By the Windows: a Crisis of Faith

By H. Marcos C. Mordeno
Minda News [Philippines]
Downloaded June 19, 2003

MALAYBALAY CITY (MindaNews/18 June) -- The Philippine Catholic Church is facing tough times. Never in recent memory has it been confronted with a crisis of such magnitude as happened in the wake of allegations of sexual harassment hurled against Bishop Teodoro Bacani. The issue could not have generated so much controversy if the accused were just an obscure priest. But Bacani is a prominent church figure whose stand on certain social and political issues has presumably influenced policy-making.

The accusation is definitely disturbing to members of the church especially the laity. Their reaction is either one of disbelief or denial, or worse, irrational indignation toward the victim of Bacani's alleged misconduct. Faith in an institution, after all, tends to breed dogma and bigotry, which betrays its dark side whenever something appears to undermine that faith.

It does not help that Bacani went abroad after the issue became public. His reaction could be misconstrued as an act of cowardice, an attempt to evade the responsibility of facing the accusation, even if Msgr. Romy Ranada, his spokesperson, is trying to carry the cudgel for him.

Yet the efforts of his spokesperson and of the church for damage control might become futile. For one thing, Ranada virtually admitted the incident although he interjected that the bishop acted with no malice aforethought. At best, it could reassure some of the faithful. But the incident will still leave behind an ugly scar on the image of the church.

The scar will be there no matter how hard the church hierarchy would try to play down the issue or find ways to deflect public attention away from it.

A stiff sanction by the church against Bacani, presuming he is pronounced guilty by his peers, is far-fetched. The church has traditionally been lenient toward its errant officials. And given Bacani's stature, it is likely that his fellow bishops will abstain from passing judgment on his case if only to avert heavier repercussions. They know that a candid decision, whether in favor of or detrimental to Bacani, would bring about uncertainties. So, better let the people make their individual judgments.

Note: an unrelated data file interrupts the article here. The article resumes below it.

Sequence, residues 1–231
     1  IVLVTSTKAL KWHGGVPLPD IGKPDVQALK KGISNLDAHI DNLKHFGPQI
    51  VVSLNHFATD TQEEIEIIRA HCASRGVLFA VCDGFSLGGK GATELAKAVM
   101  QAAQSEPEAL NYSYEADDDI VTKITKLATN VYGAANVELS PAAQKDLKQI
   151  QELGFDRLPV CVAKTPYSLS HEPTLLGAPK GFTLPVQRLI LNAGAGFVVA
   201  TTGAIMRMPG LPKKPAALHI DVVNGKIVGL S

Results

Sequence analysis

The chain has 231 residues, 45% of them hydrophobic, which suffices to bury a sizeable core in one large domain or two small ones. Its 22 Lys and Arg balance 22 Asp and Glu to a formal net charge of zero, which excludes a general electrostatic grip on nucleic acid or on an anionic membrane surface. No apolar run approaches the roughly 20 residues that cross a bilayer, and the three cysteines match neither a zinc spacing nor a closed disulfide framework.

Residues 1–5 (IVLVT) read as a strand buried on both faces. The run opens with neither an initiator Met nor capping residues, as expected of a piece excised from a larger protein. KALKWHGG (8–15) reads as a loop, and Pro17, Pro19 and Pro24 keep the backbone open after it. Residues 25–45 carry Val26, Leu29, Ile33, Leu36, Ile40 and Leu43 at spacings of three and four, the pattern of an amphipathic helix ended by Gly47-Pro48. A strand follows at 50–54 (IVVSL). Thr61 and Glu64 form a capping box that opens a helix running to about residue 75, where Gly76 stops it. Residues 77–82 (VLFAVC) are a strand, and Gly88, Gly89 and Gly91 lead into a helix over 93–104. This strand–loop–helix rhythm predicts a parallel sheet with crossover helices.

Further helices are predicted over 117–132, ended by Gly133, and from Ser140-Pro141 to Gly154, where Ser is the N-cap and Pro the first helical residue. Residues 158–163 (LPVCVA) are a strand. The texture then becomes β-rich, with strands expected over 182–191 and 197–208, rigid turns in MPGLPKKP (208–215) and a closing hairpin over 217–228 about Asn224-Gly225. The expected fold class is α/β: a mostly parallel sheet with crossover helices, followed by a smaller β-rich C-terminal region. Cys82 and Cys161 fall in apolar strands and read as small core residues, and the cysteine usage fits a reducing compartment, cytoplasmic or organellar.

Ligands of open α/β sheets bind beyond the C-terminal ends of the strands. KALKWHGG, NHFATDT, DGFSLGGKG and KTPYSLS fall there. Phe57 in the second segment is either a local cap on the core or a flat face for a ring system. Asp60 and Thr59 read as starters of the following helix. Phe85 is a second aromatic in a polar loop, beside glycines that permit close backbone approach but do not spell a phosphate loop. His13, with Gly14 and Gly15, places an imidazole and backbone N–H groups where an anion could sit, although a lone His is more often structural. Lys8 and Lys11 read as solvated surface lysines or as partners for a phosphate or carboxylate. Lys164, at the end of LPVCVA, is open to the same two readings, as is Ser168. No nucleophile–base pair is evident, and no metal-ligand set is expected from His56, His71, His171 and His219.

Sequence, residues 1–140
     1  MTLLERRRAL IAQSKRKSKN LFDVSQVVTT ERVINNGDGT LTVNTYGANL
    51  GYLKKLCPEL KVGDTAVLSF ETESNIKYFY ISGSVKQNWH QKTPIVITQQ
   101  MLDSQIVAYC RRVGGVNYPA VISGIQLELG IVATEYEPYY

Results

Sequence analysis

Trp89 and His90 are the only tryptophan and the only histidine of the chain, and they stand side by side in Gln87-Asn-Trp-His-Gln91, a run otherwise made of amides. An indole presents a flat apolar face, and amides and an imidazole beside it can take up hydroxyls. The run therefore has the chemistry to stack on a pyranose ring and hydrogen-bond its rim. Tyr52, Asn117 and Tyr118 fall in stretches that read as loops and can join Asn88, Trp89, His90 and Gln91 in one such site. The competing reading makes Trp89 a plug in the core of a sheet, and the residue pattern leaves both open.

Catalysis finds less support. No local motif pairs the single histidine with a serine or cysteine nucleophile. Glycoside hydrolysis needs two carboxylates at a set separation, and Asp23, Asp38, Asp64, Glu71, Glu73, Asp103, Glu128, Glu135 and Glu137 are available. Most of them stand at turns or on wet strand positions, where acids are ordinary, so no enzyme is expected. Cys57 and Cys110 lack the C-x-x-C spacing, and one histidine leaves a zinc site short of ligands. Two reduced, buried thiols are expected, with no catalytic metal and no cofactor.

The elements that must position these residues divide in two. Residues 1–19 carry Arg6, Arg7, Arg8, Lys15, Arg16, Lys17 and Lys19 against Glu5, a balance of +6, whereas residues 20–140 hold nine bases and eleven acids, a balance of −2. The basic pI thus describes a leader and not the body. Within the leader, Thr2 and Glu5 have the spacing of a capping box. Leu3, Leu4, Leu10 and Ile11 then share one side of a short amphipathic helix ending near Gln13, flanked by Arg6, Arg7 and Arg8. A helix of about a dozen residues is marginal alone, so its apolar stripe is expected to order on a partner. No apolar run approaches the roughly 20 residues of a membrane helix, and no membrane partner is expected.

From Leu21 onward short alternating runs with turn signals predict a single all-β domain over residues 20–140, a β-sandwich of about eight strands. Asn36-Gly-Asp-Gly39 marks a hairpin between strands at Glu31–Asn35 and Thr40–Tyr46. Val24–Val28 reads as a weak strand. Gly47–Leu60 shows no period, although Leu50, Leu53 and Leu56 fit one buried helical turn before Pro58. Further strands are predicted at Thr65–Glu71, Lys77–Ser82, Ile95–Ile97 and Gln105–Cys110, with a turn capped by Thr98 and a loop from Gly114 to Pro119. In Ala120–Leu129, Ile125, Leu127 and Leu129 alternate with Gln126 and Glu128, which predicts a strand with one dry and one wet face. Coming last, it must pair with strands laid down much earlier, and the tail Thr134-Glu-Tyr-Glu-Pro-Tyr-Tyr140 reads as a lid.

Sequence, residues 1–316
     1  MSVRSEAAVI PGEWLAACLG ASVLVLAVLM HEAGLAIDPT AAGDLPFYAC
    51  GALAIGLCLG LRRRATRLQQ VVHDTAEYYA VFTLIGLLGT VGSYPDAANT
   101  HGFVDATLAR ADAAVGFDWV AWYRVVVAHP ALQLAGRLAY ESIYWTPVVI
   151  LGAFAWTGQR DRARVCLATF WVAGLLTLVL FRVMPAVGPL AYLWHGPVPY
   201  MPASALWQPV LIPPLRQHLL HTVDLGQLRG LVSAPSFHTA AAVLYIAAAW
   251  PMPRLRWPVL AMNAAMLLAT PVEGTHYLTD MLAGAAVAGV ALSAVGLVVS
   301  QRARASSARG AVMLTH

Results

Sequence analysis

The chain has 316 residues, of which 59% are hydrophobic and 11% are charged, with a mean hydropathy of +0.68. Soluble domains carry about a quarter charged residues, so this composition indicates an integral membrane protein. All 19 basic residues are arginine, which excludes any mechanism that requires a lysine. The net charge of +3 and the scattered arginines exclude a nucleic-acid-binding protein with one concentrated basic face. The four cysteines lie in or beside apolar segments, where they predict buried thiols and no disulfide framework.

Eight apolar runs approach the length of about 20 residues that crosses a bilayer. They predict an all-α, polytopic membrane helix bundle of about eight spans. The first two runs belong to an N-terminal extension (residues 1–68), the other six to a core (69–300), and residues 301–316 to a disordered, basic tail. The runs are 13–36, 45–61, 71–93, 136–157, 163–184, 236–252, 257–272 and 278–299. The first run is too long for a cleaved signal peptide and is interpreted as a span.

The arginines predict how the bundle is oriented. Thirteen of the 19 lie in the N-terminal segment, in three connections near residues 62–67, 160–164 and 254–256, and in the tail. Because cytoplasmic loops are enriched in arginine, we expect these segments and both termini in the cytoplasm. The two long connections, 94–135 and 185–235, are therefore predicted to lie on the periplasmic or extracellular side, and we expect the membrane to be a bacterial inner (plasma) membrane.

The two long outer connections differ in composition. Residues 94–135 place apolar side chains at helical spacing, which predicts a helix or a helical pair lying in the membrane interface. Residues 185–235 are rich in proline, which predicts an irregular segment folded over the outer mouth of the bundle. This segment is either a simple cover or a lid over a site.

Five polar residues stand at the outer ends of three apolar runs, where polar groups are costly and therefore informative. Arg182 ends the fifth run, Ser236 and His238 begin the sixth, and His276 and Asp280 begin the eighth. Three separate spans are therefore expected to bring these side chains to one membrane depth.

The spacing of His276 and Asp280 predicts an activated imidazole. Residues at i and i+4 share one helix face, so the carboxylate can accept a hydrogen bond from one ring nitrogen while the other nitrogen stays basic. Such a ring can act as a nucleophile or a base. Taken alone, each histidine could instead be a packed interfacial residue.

If they do make a decision, it would be kept under wraps. The church is anything but open when it comes to scandals involving its leaders especially if these would diminish its moral ascendancy or put in question the validity of certain dogmas and policies (like celibacy?).

The Inquisition, for example, showed how far the church would go just to preserve its authority not only on moral and eschatological questions but also on matters that are considered too secular. As a result, even Galileo was forced to recant his theory that the Earth revolved around the sun and not the other way around. One story has it though that after the scientist publicly recanted, he shrugged and murmured, "It (Earth) still revolves anyway."

(Galileo was proven right not long afterward. However, it was only in the last decade of the previous century that the church officially admitted it was wrong in condemning him.)

Like the murderous Crusades, the Inquisition is a dark chapter in the church's history. However, it presaged a most wonderful era in European history: the Renaissance.

The scandals that have rocked the church might as well be seen in this manner, that is, as a precursor of better things to come. But these would only come about if the church shows more openness and compassion and an ability to confront reality.


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